In case you missed it, Barack Obama's American flag lapel pin is back. How long it will stay on is anyone's guess.
This week, after eschewing the patriotic symbol for quite some time, Obama started wearing the pin to selected events. On Tuesday, he was sans pin on the Senate floor, but then later donned it while speaking to working-class voters in Missouri during the evening. "I haven't been making such a big deal about it. Others have. Sometimes I wear it, sometimes I don't," Obama said. "We were talking with a group of veterans yesterday. Over the last several weeks people have been handing me flag pins. I thought it was appropriate." Asked if he will continue to wear the pin, Obama said, "If it ends up being on another suit, I might leave it one day, but it's something that I've done before and I'll certainly wear it again."
Obama may make it sound like just a random fashion choice, but there is a large swath of Americans who take symbols like the pledge of allegiance, the national anthem, and, yes, the flag in its many iterations very seriously. And, as former Clinton adviser Doug Schoen pointed out in an op-ed in the Wall Street Journal this week, these are people mostly white working-class folk whom Obama can ill afford to offend given his losses in Ohio, Pennsylvania and West Virginia.
The pin saga started on October 3, 2007 when a local ABC reporter asked Obama why he didn't wear one. Instead of the standard Beltway refrain, "My patriotism speaks for itself," Obama launched into a long explanation of his decision-making process: "The truth is that right after 9/11, I had a pin. Shortly after 9/11, particularly because as we're talking about the Iraq war, that became a substitute for, I think, true patriotism, which is speaking out on issues that are of importance to our national security," Obama said in Cedar Rapids, Iowa. "I decided I won't wear that pin on my chest. Instead I'm going to try to tell the American people what I believe what will make this country great and hopefully that will be a testimony to my patriotism."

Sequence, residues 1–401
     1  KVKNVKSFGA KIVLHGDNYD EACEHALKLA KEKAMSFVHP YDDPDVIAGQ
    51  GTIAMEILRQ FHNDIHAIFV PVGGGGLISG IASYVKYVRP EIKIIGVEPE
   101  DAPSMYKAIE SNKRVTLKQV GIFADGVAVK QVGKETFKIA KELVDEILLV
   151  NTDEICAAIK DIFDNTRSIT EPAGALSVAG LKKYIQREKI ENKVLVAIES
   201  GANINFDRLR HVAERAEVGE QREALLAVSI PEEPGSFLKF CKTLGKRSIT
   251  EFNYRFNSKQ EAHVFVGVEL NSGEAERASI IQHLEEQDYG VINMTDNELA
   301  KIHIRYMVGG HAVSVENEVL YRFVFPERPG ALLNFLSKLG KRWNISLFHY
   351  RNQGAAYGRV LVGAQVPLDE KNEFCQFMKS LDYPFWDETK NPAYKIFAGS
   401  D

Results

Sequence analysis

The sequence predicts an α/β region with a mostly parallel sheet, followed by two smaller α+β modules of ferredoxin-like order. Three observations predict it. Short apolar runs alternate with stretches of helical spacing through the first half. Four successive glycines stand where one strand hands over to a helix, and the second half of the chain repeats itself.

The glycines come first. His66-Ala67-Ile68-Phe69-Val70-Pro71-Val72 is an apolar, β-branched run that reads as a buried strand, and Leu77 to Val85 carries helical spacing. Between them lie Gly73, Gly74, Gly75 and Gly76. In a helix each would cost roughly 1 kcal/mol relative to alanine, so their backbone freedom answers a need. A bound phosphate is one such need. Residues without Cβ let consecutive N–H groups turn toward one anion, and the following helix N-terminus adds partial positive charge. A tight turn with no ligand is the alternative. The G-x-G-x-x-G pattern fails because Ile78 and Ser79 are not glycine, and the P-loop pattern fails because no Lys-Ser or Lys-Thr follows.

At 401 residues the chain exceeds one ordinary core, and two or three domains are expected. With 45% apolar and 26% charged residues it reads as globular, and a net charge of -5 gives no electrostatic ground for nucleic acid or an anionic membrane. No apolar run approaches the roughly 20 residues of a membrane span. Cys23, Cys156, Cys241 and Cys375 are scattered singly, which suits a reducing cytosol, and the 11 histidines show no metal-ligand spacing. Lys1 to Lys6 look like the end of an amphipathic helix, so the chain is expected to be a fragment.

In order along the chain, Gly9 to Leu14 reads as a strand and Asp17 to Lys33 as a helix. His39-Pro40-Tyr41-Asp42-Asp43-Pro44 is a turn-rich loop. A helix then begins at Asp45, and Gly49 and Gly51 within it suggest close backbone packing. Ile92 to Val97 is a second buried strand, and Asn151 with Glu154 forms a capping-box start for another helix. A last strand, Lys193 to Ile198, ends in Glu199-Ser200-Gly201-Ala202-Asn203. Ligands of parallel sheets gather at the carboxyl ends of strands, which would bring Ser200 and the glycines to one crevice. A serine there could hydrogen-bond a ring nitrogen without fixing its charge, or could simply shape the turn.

It didn't take long for opponents and Republicans to jump on the idea that Obama wasn't as patriotic as he could be, prompting the Illinois Senator the next day to clarify his remarks. "After a while, you start noticing people wearing a lapel pin, but not acting very patriotic. Not voting to provide veterans with resources that they need. Not voting to make sure that disability payments were coming out on time," he told a crowd in Independence, Iowa. "My attitude is that I'm less concerned about what you're wearing on your lapel than what's in your heart."
The furor died down and Obama went pin-less for the better part of six months until April 15, when a veteran in a town hall meeting outside of Pittsburgh handed him a pin and asked him to wear it, which Obama did for the rest of that day. The reemergence of the pin led to a much-ridiculed question on the issue at a much-ridiculed ABC debate later that week. "I have never said that I don't wear flag pins or refuse to wear flag pins," Obama explained. "This is the kind of manufactured issue that our politics has become obsessed with and, once again, distracts us from what should be my job when I'm commander-in-chief, which is going to be figuring out how we get our troops out of Iraq and how we actually make our economy better for the American people."
Obama is not the only candidate to wear the pin intermittently. Rival Hillary Clinton is often without it. When asked she simply says, "There are many ways to show your patriotism." The only G.O.P. candidate to wear the pin faithfully was Rudy Giuliani. Is it fair that Obama is singled out for pin scrutiny? Probably not. But it's likely that Obama's pin will keep sticking him until he brings some consistency to his lapels.